Monsieur Le President, Ladies and Gentlemen,
Let me turn to the second great challenge of our time, migration.
My country is at the forefront of the global migration crisis. Greece has, over the last decade, provided shelter and protection to hundreds of thousands of refugees and asylum seekers. Our coastguard has gone above and beyond to save tens of thousands of lives at sea.
Let me be clear: Greece will always be an open and welcoming country for those fleeing persecution and violence, as well as those economic migrants who however seek a new future accessed via legal pathways. After all, our economy is growing again, we are attracting significant foreign investment and there are many job opportunities in my country. But we also need to fill those vacancies on our own terms, not those set by the criminal gangs.
That is why it is critical that the international community works together to establish a far more comprehensive and coordinated approach. One that addresses the root causes of migration. One that more effectively counters human trafficking and migrant smuggling. And fosters legal pathways to mobility.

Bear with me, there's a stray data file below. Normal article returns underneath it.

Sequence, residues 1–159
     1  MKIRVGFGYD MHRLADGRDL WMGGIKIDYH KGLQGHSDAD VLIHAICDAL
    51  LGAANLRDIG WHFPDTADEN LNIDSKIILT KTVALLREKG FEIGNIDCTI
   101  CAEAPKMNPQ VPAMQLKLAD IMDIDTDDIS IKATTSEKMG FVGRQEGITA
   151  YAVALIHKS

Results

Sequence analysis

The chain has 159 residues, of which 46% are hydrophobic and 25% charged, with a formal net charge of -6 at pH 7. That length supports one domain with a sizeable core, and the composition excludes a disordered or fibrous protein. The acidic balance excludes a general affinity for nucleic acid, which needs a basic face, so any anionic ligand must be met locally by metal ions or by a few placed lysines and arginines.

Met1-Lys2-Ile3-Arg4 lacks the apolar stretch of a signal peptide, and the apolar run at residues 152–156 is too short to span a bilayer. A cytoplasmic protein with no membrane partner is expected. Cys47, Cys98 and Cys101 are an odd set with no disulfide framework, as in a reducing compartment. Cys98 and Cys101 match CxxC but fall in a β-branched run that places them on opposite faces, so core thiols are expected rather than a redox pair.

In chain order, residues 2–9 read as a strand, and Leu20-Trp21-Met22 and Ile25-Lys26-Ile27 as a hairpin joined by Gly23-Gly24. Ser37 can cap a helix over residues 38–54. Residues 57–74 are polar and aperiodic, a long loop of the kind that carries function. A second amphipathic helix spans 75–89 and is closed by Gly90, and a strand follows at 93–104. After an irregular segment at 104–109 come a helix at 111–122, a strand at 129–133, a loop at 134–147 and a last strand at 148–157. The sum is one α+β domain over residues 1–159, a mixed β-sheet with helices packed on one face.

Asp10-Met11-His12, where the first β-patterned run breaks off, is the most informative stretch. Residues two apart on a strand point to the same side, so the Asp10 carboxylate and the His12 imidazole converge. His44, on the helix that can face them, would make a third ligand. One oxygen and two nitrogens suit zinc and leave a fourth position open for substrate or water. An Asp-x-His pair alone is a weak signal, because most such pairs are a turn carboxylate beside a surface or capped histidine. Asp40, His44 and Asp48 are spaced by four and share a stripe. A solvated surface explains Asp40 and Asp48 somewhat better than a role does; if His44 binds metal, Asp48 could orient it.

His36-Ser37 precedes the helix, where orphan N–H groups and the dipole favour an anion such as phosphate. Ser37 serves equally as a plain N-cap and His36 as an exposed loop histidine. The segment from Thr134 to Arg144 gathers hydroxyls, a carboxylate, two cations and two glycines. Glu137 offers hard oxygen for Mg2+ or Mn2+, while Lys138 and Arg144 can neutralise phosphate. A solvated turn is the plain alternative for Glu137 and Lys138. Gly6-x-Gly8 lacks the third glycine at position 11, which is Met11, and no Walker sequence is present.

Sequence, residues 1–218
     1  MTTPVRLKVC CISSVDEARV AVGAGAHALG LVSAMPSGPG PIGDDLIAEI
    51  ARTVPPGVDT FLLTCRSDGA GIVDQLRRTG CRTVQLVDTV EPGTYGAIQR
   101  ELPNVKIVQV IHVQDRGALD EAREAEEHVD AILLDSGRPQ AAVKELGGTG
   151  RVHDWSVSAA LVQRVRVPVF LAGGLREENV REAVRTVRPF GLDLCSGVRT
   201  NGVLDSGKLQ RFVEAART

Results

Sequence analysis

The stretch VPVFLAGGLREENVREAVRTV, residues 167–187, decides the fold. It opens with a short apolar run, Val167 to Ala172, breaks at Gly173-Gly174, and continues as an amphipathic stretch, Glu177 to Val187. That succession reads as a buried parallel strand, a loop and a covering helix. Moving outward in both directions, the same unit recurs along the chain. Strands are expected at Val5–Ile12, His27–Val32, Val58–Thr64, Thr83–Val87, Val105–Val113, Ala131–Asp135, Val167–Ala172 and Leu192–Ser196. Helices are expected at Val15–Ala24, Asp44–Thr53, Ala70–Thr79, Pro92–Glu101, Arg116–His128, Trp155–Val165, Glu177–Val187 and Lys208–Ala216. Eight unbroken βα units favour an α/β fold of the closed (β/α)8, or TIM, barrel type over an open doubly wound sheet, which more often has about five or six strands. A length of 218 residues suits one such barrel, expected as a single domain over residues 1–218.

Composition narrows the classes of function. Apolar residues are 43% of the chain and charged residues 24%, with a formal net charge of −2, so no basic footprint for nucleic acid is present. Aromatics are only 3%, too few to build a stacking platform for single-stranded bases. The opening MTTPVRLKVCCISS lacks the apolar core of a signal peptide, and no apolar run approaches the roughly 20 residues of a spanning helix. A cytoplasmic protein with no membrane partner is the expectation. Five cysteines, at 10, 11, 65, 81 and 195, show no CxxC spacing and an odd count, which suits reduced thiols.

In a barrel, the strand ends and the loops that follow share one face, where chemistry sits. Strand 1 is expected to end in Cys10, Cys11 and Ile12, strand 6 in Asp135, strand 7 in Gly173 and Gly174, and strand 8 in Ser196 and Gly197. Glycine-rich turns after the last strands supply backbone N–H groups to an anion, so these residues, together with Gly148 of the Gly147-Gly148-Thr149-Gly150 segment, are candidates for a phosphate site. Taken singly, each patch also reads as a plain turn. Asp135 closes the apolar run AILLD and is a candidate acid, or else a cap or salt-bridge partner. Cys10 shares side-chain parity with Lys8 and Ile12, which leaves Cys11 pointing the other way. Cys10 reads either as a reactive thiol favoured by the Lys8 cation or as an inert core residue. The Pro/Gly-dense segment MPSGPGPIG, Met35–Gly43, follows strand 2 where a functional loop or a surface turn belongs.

Take managing the root causes of migration. We must challenge the negative political, socioeconomic and climate trends at source, in the countries of origin, but also the countries of transit.
That means more tailor-made, innovative, multi-stakeholder partnerships to drive forward sustainable development and strengthen resilience, creating jobs and opportunities in the places of origin. No one wants to leave their homes and risk their lives finding work thousands of miles away.
In real terms that’s about investing in infrastructure, in education, in healthcare, in the green and digital transition. All of which can reduce poverty, unemployment and inequality. And it’s about creating incentives for private sector development, it’s about supporting entrepreneurship and small businesses, while always promoting good governance and women’s empowerment.